Discover South Bali: The Bukit Peninsular

Discover South Bali: The Bukit Peninsular

Visit Bali: Discover south Bali


South Bali is a true hotspot – yet not too many seem to know. Escape the plastic feel of overdone and over rated Kuta, dirty Sanur and end up somewhere less than an hour away but worlds apart. Somewhere more traditional (yes traditional still exists on this island), more tropical and extremely welcoming.


ONE. Find yourself lost, as we did, for a week on the fringes of Bingin’s vertical cliff. Tiptoe down the stone steps while assessing the surf and contemplating which shack to have a detox juice in. The vibe here is really relaxed and full of international surfers on holidays, enjoying the 29 degree water and cheap beer.  Just beyond your breakfast pancake are some surfing acrobatics, join them but be careful of the shallow reef that makes Bingin Beach surf so infamous. White shelled beach, rocky outcrops, tanned muscled bods and the fabled blue ocean, in low season we practically had it to ourselves – what more could you ask for?


TWO. Make a stop at the fabled Pura Luhur Ulu Watu temple. The great wall of the temple would be rather unimpressive had it not been balanced precariously on a vertical cliff face that plummets into crystal blue ocean. Playful swifts dance in the medley of blues created by the sky and the sea. And turtles surface to breathe between the thunderous rolling waves. Visiting at sunset would indeed be splendid but be warned, when we were leaving queues of buses were waiting to enter for this special moment. Right outside of the parking office is a corner side café where cheap curries, local dishes and western snacks are rather delicious.


South Bali, visit Bali


THREE. For a more refreshing sunset experience drive five minutes from the temple to Ulu Watu’s surf beach. Its absolutely stunning. Pay the 3,000 Rupiah for moped parking. Do not barter to exhaustion over this 30 cents fee, get frustrated and stubbornly decide to leave, our Austrian companions sorely missed out. Aim for the very end of the rocky outcrop and grab a Bintang beer. Watch colossal waves, one after another dominate the landscape and a handful of talented surfers cruise for nearly a kilometre. Never did I expect this view and funky vibe from Bali, nor did I expect such a high standard of surfing. The beats pick up here on Wednesday and Sunday nights at the topmost balcony bars.


FOUR.  Leaflets will announce a weekly live music special. The Cashew Tree, an isolated garden bar nestled in Bingin’s rainforest boasts an Indonesian band every Thursday evening.  As the energetic local singer hip-hops his way across the stage with another tuneful cover song, let the music get under your skin. Dance beneath the stars or a blanket of rain and enjoy. For quiet Bingin, the Cashew tree is a perfect way to have a beer and meet other tourists milling about the area.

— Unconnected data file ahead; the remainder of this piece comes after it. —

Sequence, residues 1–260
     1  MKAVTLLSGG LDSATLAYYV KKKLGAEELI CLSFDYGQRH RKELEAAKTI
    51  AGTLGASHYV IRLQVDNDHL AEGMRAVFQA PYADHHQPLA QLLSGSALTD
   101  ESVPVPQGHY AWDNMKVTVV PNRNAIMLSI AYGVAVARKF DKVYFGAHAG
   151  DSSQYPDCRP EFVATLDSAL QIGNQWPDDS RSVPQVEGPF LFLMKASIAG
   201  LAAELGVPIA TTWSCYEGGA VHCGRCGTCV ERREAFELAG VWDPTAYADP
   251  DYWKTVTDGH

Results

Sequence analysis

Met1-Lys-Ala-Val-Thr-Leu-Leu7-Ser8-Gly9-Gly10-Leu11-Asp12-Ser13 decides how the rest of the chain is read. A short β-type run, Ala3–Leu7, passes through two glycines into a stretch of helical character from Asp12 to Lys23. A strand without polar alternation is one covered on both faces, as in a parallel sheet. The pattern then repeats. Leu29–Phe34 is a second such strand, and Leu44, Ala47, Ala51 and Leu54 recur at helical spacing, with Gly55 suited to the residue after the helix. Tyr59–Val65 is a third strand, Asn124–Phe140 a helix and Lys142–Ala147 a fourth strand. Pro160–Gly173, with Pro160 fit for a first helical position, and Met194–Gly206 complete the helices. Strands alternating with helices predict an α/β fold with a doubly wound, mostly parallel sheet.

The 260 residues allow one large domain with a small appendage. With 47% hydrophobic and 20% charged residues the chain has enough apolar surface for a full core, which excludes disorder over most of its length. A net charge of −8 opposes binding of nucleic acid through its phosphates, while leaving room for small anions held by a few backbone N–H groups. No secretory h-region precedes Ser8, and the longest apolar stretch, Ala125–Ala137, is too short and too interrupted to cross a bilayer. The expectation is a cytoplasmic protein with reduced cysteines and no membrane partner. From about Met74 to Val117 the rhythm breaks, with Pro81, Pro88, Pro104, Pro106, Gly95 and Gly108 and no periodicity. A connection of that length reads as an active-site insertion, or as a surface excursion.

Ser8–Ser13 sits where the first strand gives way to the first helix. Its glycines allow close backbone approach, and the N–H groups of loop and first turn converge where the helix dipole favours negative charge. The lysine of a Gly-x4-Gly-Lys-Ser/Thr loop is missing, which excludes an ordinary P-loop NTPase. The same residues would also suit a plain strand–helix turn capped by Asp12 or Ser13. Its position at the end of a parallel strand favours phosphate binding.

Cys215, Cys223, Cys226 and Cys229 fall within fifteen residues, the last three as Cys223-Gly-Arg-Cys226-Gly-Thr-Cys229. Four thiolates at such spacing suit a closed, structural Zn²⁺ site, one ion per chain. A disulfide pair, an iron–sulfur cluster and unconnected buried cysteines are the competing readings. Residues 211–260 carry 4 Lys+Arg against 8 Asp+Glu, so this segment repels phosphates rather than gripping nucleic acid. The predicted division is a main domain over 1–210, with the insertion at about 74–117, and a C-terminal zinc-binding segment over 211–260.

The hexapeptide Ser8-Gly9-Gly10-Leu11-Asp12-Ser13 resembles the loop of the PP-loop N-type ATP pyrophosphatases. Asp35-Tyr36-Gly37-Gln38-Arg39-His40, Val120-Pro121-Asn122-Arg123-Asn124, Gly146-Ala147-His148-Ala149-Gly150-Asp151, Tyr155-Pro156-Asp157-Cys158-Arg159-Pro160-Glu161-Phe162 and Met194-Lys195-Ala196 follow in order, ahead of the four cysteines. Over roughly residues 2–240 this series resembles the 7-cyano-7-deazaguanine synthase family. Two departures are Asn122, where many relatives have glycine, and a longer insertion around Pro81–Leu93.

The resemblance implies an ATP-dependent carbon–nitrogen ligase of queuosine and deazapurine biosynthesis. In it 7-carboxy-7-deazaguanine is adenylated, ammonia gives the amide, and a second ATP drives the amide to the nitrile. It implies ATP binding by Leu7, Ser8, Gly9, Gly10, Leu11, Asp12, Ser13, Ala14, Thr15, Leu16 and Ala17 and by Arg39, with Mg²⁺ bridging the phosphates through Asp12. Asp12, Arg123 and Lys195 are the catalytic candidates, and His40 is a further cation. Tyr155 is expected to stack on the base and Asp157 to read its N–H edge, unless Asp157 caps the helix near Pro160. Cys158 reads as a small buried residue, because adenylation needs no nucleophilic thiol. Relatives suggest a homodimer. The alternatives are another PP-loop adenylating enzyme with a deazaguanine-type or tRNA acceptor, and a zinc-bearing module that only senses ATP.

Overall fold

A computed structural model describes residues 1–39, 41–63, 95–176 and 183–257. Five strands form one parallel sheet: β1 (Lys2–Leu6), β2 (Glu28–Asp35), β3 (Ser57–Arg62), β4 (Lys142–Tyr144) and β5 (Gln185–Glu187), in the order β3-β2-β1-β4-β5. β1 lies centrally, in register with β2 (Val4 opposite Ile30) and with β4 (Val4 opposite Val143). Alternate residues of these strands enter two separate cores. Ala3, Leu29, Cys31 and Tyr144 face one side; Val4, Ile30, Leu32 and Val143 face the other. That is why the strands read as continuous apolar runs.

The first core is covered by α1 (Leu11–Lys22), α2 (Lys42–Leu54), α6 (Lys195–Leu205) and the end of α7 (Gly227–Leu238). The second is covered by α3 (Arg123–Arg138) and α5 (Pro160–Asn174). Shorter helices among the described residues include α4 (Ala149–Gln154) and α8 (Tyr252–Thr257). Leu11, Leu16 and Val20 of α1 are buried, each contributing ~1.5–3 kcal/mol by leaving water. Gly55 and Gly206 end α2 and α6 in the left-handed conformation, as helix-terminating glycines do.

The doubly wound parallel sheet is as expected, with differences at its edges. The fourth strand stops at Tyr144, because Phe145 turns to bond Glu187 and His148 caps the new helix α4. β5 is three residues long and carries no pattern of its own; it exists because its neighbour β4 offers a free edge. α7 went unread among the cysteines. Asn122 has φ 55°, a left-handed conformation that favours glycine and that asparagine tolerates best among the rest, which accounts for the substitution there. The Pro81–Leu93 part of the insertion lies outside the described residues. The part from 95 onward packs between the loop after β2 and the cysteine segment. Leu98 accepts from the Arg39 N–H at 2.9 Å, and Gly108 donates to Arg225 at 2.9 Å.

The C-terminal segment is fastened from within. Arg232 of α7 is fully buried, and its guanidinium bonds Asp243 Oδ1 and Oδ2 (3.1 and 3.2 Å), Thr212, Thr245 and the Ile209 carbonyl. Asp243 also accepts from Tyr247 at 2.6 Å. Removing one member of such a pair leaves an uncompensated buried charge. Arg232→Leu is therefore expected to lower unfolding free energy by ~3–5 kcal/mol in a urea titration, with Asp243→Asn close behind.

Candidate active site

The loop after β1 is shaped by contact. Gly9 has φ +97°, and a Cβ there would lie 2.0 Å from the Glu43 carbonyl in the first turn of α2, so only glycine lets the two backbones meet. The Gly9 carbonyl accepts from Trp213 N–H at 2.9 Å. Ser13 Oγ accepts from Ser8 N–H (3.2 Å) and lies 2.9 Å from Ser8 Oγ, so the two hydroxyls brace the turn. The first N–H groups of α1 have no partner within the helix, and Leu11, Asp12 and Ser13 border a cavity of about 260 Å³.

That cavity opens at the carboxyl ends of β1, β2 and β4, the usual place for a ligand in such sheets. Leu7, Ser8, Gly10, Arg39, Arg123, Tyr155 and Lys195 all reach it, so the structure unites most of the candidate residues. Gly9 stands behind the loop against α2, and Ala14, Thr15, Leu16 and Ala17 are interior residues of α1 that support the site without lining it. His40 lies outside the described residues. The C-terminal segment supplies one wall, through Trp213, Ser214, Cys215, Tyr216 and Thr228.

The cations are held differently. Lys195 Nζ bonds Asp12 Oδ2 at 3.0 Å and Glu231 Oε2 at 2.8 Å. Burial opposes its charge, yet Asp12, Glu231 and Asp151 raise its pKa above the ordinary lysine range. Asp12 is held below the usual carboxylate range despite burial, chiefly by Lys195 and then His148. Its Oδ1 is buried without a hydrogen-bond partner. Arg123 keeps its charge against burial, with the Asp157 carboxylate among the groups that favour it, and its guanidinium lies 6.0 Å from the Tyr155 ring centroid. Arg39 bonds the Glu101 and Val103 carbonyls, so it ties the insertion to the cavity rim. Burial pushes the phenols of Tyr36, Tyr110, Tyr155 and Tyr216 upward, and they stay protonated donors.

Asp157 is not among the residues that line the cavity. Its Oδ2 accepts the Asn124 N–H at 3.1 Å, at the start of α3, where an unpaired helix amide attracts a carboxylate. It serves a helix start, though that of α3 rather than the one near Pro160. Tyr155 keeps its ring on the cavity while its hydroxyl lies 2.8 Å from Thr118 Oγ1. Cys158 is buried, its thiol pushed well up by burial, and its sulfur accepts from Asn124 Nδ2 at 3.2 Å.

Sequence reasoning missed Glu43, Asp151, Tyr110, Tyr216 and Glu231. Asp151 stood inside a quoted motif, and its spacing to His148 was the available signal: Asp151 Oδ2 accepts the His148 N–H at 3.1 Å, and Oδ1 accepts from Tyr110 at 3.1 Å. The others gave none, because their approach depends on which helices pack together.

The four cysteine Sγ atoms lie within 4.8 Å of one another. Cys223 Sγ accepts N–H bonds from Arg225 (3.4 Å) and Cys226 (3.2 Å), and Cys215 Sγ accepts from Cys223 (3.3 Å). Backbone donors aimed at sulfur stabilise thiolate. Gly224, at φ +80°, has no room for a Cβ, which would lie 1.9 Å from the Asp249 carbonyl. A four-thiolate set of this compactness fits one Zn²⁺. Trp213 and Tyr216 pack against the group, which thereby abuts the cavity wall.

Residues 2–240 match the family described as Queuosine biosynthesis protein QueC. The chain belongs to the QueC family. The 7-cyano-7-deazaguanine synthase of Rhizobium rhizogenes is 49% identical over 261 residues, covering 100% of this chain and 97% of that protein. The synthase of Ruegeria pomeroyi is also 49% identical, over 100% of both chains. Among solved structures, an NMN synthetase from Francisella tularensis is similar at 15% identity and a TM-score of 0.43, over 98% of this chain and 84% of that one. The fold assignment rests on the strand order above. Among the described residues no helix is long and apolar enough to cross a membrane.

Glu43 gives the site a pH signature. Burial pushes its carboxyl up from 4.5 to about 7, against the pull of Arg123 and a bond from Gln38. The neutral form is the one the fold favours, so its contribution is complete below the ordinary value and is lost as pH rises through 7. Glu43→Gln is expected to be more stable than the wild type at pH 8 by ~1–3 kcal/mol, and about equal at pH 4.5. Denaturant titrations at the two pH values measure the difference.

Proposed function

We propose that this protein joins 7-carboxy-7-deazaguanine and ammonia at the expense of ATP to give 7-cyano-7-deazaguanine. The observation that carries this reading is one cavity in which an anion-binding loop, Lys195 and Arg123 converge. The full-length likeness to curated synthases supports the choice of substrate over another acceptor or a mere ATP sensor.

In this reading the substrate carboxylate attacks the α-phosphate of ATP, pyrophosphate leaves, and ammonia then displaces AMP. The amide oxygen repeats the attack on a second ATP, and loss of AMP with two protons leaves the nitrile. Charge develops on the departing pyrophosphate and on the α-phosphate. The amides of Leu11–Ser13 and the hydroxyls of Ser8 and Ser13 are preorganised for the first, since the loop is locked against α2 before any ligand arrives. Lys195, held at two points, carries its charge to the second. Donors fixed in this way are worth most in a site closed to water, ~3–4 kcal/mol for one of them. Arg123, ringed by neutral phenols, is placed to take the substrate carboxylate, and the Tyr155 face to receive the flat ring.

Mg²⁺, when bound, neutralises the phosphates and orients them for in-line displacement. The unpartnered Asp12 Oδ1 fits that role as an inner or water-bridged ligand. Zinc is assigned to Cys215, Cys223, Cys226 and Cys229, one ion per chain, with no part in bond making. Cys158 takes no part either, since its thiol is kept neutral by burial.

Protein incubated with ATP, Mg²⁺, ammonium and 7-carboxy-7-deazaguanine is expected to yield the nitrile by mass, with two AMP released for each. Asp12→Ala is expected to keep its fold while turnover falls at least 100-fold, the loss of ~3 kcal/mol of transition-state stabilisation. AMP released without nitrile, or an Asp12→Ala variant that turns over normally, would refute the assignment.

FIVE. Visit one of the ‘legendary’ local beaches such as Padang Padang at low tide and take a small detour around the rocky outcrops to escape the hustle and bustle. Enjoy your own company (or maybe a few others) as you sunbathe or paddle in the ocean and avoid the local women hassling you for “Masaaaaggggeeeee”.  To be honest though, this beach is merely access to yet another outstanding surf break.



How to get to South Bali- the Bukit Peninsular


Taxi – 165, 000 Rupiah from the airport terminal. Prices are fixed and an orderly queue will allow you to quote your hotel name and be assigned a driver.


Hire a moped for 60-100,000 (renting a moped for 2 days gives you good discount). Head south of Kuta following signs for Ulu watu. This will lead you directly to the temple and famous surf beach at this south western tip. On your way south you might be fortunate/unfortunate to catch a glimpse of Spider City, Bali’s scariest attraction.


For another sneaky spot on Bali’s doorstep why not explore the magical cliffs and untouched island of Nusa Penida.



Return to our destination guide: Visit Bali



Written by

Rebecca Mayoll is a ‘just turned 30’ freelance writer and photographer from England. She is the co-founder and author of, a travel website with the mantra ‘find your own adventure.’ Promoting adventurous destinations, independent travel and giving a humorous insight to the World of travel is what Becky does best.


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